The motif of “exile” or “sojourning” is perhaps most prominent in Peter’s first letter, where it occurs three times. 1
As it turns out, not every use of this concept in 1 Peter is the same. In a series of three brief posts, we will look at each instance, and also use John Calvin’s commentary to shed some light on the letter.
The first occurrence comes in Peter’s salutation:
Πέτρος ἀπόστολος Ἰησοῦ Χριστοῦ ἐκλεκτοῖς παρεπιδήμοις διασπορᾶς Πόντου, Γαλατίας, Καππαδοκίας, Ἀσίας, καὶ Βιθυνίας, 2 κατὰ πρόγνωσιν θεοῦ πατρός, ἐν ἁγιασμῷ πνεύματος, εἰς ὑπακοὴν καὶ ῥαντισμὸν αἵματος Ἰησοῦ Χριστοῦ· χάρις ὑμῖν καὶ εἰρήνη πληθυνθείη.
Peter, an apostle of Jesus Christ,
To those who are elect exiles of the Dispersion in Pontus, Galatia, Cappadocia, Asia, and Bithynia, 2 according to the foreknowledge of God the Father, in the sanctification of the Spirit, for obedience to Jesus Christ and for sprinkling with his blood:
May grace and peace be multiplied to you. (ESV)
The Greek term translated here as “exiles,” παρεπιδήμοις, comes from the noun παρεπίδημος, described in the LSJ as an adjective that is usually used substantively and meaning “sojourning in a strange place.” It refers to someone who is not at home. The term also occurs, as LSJ notes, in the LXX of Genesis 23:4, where Abraham says to the Hittites, “I am a sojourner and foreigner among you.” In the opening verse of 1 Peter, these “exiles” or “sojourners” (and one wonders whether we should use these terms interchangeably: a sojourner is a temporary resident of a particular place, while “exile” might imply the punitive removal of a person from his home to another place) are ἐκλεκτοί, “chosen.”
In my haste in reading these opening verses, I long had assumed, I think, that the term here was a general one applicable to all Christians as addressees of the letter. Calvin reads more closely than I do and notices a difference between this use of the “sojourner” concept and later uses in this letter. In the greeting, it is applicable to Jews of the Diaspora only, who actually were sojourners and exiles physically, politically, culturally (in certain respects), and so on, and who were the letter’s addressees in the first instance. He writes:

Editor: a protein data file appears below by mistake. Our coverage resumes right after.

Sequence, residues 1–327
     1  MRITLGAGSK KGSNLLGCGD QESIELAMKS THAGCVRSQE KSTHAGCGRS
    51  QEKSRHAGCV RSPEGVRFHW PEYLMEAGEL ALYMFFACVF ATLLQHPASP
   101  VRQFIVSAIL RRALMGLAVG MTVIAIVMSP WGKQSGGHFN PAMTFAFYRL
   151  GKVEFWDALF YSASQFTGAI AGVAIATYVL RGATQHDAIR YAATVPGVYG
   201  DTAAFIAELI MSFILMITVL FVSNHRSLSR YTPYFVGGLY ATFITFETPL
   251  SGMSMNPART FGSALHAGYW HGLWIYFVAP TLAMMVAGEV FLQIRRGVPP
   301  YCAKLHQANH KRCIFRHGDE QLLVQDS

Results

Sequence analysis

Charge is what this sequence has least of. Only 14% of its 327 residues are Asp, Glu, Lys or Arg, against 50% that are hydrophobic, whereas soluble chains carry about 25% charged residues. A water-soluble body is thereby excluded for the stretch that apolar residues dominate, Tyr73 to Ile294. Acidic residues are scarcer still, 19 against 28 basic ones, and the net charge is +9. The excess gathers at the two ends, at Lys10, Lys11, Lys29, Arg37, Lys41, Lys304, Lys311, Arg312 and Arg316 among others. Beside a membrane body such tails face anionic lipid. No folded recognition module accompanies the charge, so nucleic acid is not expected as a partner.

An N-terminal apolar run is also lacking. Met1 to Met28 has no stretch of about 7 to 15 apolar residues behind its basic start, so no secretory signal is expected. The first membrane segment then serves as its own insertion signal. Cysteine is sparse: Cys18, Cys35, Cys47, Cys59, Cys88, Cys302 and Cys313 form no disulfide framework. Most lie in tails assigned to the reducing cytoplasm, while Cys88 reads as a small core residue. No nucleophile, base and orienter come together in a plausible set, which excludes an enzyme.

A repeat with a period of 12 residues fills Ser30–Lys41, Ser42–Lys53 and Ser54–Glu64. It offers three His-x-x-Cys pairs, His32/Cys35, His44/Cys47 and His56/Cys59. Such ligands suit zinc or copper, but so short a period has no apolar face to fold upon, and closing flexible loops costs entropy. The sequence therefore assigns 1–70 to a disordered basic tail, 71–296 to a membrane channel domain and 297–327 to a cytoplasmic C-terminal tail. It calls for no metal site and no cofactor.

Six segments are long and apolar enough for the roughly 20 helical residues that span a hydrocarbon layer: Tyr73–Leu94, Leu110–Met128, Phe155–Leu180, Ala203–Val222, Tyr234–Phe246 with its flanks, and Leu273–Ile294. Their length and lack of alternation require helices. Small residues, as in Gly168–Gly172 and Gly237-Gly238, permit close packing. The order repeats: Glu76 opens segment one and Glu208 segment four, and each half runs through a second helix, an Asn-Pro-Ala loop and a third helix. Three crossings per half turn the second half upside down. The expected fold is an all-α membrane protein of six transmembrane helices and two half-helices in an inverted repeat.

To the sojourners 4 They who think that all the godly are thus called, because they are strangers in the world, and are advancing towards the celestial country, are much mistaken, and this mistake is evident from the word dispersion which immediately follows; for this can apply only to the Jews, not only because they were banished from their own country and scattered here and there, but also because they had been driven out of that land which had been promised to them by the Lord as a perpetual inheritance. He indeed afterwards calls all the faithful sojourners, because they are pilgrims on the earth; but the reason here is different. They were sojourners, because they had been dispersed, some in Pontus, some in Galatia, and some in Bithynia. It is nothing strange that he designed this Epistle more especially for the Jews, for he knew that he was appointed in a particular manner their apostle, as Paul teaches us in Galatians 2:8. In the countries he enumerates, he includes the whole of Asia Minor, from the Euxine to Cappadocia. 5
He notes that all believers will later be called sojourners, but for a different reason–that is, not because they are dispersed throughout the world in physical, political, and cultural exile from their earthly homelands. In future installments we will plan to look at these later passages in 1 Peter to which Calvin refers above.
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